I disagree that we should always be moral. We assume that moral perceptions can be combined into a system we should follow. As ideal as it sounds, it is not the morality that holds our deepest values. It is human beings who created morality. Times when morality fails on us, are situations where one non-negotiable requirement comes into conflict with another, where “I must” crashes with “I can’t”. It is impossible to be always moral.
The Rationality Principle
Taking on the rationality principle idea, if one can get things they wished or desire easily without any conflicting variables then why not right? Things are simple when one realises that one ought to and can do something, especially if it is something that you can do without much of a sacrifice. In these cases, failure is avoidable. (which does not mean that one would not fail, it just means that one won’t necessarily fail). For example, if you are exercising in a park and happen to see a lost child, you would automatically make an intuitive judgement to help the child, which would not take up a huge effort on your part. Hence, it might seem like we performed a rational act, but, we did it to fulfil our subconscious want, which is to feel good about ourselves.
But moral life is not always as easy as the walk-in-the-park example implies, that you cannot always simply choose to do whatever you are morally required to do, and even if you can, it might not be easy to do. Some experiences of moral requirements are quite gratifying because you understand yourself to be obligated to do something that you can easily do, you go ahead to do it, and then feel good about yourself.
In some other cases, you may grasp that you are obligated to do something really hard, that involves a great sacrifice or risk, or that you must put in a huge amount of willpower to get yourself to do – like dedicating your life to end world hunger. Then you might experience life as painfully demanding. Most moral concepts do not help people to make sense of the experience of encountering impossible requirements. Eventually causing people to suffer the grief of failing to achieve them.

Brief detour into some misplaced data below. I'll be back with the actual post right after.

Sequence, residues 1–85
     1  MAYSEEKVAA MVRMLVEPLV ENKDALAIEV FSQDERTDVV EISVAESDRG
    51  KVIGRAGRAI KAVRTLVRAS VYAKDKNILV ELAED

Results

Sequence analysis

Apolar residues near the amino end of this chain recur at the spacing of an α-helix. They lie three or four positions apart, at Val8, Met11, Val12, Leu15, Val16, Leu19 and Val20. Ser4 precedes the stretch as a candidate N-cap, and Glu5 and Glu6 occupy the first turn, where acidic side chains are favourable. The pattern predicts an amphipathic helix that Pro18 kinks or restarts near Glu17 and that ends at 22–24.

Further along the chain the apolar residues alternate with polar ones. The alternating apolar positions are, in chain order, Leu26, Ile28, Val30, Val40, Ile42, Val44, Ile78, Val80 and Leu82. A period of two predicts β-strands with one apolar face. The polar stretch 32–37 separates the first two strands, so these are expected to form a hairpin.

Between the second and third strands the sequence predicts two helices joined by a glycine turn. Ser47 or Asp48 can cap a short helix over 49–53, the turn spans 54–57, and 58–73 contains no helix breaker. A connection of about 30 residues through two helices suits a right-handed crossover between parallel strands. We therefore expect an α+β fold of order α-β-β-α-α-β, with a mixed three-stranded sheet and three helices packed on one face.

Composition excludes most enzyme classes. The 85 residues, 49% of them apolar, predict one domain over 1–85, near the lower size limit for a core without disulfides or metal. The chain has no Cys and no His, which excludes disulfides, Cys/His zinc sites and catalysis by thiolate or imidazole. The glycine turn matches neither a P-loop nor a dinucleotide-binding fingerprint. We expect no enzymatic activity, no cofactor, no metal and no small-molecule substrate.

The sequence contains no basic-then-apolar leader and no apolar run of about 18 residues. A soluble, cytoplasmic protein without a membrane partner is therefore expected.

If one feels that he/she should always be moral, it shows that they feel like they have a moral requirement set for themselves. A moral requirement can also be referred to as a duty or obligation. Implying that one should always be moral (by putting other variables aside), means that moral requirements are non-negotiable. Moreover, throughout evolutions, values are sacralised and people believe that these requirements come with great authority associated with morality. Hence, people want to conform to what society constructed and be well-liked by the community.
It is impossible to always be a moral human being because moral values and the obligations to abide by those values are fundamentally constructed out of what we actually value and out of the collective experiences of requirement as a community.
For example, think about a woman who was raised conservatively. She might still face a sense of obligation to be submissive to her husband and might still be subconsciously disgusted by the thought of same-sex relationships. According to her morals, she might unconsciously think that it is right and required to be submissive to her husband and same-sex relationships are taboo. However, there are no “real” moral requirements as to why women should show dutifulness to men and no “real” moral prohibition against same-sex relationships. In this case, if there is a direct relationship between experience and moral requirements, then there is no way that our intuitive moral judgements are right and therefore should conclude that it is a right set of moral requirements that everyone should accept and follow.
In conclusion, a systematic framework does not exist. Thinking that we should always be moral by following a community to be well-liked is essentially setting ourselves up to moral conflicts that are impossible to solve.